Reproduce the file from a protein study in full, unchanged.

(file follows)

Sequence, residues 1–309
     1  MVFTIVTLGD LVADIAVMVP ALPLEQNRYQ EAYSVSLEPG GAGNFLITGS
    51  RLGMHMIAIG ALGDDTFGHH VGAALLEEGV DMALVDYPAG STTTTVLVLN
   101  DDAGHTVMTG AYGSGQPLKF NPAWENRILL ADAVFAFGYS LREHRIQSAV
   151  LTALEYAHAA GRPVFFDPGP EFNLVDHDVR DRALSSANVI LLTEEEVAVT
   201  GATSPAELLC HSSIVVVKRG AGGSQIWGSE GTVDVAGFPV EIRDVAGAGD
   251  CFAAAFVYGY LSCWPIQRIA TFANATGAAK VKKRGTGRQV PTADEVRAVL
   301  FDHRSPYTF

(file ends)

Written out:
Sequence, residues 1–309
     1  MVFTIVTLGD LVADIAVMVP ALPLEQNRYQ EAYSVSLEPG GAGNFLITGS
    51  RLGMHMIAIG ALGDDTFGHH VGAALLEEGV DMALVDYPAG STTTTVLVLN
   101  DDAGHTVMTG AYGSGQPLKF NPAWENRILL ADAVFAFGYS LREHRIQSAV
   151  LTALEYAHAA GRPVFFDPGP EFNLVDHDVR DRALSSANVI LLTEEEVAVT
   201  GATSPAELLC HSSIVVVKRG AGGSQIWGSE GTVDVAGFPV EIRDVAGAGD
   251  CFAAAFVYGY LSCWPIQRIA TFANATGAAK VKKRGTGRQV PTADEVRAVL
   301  FDHRSPYTF